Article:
Hugh Jackman shared he might have basal cell carcinoma, the most common type of skin cancer, in a new Instagram post. In a video, he urged people to use sunscreen as the weather gets warmer and sunnier in many places.
Jackman, 54, was wearing a bandage on his nose in the video and said his doctor recently noticed a spot there and ordered two biopsies to confirm whether it’s cancerous. “I’ll find out in two or three days, and as soon as I know, I’ll let you know,” he said. “Just to remind you: Basal cell, in the world of skin cancers, is the least dangerous of them all.” Jackman has previously received treatment for basal cell carcinoma several times, including having skin cancer removed from his nose in 2013.
Even so, Jackman said, you should take certain measures to protect your skin as much as possible. “If I can just take this opportunity to remind you: Summer is coming for those of us here in the northern hemisphere. Please wear sunscreen. It is just not worth it,” Jackman said. “No matter how much you want to tan: Trust me, trust me, trust me.”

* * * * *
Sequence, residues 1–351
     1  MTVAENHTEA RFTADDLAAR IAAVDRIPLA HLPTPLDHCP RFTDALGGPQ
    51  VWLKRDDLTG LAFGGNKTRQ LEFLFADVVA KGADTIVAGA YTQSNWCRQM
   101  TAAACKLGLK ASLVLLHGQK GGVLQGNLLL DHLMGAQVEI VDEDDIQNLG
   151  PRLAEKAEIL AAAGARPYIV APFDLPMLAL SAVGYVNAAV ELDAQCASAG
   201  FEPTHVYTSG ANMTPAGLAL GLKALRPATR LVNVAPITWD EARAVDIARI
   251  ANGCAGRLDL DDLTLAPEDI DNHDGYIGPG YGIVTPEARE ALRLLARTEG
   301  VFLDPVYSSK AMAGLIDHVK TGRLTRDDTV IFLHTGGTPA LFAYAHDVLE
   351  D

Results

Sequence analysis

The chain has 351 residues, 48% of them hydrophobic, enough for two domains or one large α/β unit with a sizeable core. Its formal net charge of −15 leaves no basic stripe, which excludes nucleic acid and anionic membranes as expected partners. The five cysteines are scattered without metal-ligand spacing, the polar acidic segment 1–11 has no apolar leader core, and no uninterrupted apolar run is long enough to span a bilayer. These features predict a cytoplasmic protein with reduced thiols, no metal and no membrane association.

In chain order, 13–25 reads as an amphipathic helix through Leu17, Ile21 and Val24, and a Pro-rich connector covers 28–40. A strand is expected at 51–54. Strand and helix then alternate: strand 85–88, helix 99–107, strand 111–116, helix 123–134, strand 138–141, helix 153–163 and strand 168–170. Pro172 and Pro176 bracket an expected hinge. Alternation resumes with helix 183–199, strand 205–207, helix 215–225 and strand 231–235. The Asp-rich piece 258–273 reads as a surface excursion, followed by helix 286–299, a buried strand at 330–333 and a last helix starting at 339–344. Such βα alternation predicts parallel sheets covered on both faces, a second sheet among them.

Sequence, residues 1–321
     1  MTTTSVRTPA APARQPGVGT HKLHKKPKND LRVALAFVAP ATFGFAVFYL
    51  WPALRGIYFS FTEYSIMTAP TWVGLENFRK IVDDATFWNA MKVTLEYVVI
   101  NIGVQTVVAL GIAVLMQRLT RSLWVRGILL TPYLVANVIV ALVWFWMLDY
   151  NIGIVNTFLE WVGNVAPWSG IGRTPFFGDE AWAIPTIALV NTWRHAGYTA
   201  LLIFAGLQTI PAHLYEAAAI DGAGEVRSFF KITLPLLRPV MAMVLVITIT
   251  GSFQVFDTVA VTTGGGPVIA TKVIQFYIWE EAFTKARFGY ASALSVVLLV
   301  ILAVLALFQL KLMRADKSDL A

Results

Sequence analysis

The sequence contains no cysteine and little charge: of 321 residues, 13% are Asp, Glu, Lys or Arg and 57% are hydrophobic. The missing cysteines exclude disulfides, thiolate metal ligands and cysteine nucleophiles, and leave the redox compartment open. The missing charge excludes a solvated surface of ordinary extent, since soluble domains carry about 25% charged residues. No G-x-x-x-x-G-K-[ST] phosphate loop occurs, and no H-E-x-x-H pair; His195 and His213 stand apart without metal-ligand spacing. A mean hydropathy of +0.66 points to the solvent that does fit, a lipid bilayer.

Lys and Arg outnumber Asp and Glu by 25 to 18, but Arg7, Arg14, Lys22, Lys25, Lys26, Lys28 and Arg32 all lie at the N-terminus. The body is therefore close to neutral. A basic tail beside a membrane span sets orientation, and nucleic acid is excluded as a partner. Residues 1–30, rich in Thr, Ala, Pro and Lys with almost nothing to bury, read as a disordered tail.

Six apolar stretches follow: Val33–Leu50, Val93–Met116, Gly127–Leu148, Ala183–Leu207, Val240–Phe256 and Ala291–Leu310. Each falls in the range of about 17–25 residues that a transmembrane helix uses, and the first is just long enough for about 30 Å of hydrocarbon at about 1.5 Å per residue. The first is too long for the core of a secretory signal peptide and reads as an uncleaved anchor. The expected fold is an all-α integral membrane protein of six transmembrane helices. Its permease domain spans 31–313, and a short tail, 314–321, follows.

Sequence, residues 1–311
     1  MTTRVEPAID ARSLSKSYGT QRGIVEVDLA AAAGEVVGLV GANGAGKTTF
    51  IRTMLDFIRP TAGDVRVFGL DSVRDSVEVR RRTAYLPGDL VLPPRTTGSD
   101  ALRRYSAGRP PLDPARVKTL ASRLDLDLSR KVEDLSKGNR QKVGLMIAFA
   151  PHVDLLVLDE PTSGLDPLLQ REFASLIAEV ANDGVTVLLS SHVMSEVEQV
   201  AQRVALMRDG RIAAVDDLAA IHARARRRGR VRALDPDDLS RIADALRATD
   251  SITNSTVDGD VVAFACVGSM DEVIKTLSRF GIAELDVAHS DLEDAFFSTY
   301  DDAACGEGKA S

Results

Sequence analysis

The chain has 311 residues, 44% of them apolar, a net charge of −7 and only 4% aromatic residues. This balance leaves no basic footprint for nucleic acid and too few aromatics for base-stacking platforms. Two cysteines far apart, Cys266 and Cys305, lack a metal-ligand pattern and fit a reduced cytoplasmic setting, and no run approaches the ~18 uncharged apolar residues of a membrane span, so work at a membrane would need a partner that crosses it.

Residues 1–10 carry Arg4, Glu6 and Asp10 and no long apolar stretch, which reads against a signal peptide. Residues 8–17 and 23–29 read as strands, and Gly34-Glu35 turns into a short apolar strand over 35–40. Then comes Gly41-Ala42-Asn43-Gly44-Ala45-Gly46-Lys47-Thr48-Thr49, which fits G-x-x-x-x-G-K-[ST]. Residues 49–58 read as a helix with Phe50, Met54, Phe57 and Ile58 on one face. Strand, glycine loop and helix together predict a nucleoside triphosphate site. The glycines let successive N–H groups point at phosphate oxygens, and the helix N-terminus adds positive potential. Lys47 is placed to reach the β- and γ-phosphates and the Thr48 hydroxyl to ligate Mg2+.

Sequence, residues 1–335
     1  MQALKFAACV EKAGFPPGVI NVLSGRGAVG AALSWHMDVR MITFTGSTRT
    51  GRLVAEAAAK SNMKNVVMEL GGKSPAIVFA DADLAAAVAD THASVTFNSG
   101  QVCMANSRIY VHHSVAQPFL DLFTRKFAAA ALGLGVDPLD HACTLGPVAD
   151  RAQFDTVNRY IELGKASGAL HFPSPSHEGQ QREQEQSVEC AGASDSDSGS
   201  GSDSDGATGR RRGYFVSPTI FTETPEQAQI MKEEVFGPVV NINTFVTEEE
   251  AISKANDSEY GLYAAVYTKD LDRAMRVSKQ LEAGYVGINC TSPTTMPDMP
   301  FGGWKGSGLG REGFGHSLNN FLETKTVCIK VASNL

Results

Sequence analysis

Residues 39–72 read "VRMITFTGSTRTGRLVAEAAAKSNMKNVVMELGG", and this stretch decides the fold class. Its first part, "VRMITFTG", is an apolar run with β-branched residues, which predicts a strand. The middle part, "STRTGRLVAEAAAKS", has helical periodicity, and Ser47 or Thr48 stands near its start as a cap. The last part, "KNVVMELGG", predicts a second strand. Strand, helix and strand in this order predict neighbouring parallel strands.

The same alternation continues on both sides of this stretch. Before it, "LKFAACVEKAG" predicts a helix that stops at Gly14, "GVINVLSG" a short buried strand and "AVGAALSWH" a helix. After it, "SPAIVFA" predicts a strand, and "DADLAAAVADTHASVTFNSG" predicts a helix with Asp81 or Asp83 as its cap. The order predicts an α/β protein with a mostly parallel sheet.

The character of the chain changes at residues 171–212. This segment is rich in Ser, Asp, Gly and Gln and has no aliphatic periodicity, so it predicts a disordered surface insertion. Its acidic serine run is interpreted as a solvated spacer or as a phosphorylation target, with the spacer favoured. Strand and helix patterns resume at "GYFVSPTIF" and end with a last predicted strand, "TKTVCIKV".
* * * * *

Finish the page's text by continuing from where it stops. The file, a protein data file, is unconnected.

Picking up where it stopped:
Jackman explained that he thinks the damage done to his skin occurred decades ago. “This is all stuff that happened 25 years ago, and it’s coming out now,” he said. The fact that skin cancer can show up many years after unprotected sun exposure isn’t something many people think about, Joshua Zeichner, MD, an associate professor of dermatology at Mount Sinai Hospital in New York City and a cofounder of JORI Skincare, tells SELF. “[Though] it is well known that bad sunburns can increase your risk of skin cancer, what you may not realize is [that] even low-grade incidental UV light exposure can increase your risk over a lifetime,” Dr. Zeicher says.
He likens the risk to that of poor dental hygiene. “Missing a single day of sunscreen in your everyday life is unlikely to cause significant harm to the skin. However, missing it every day will increase your risk of skin cancer,” he says. “A similar analogy [is] brushing your teeth: If you forget to brush your teeth for one day, you probably won’t get a cavity. If you stop brushing altogether, cavities will be inevitable.”
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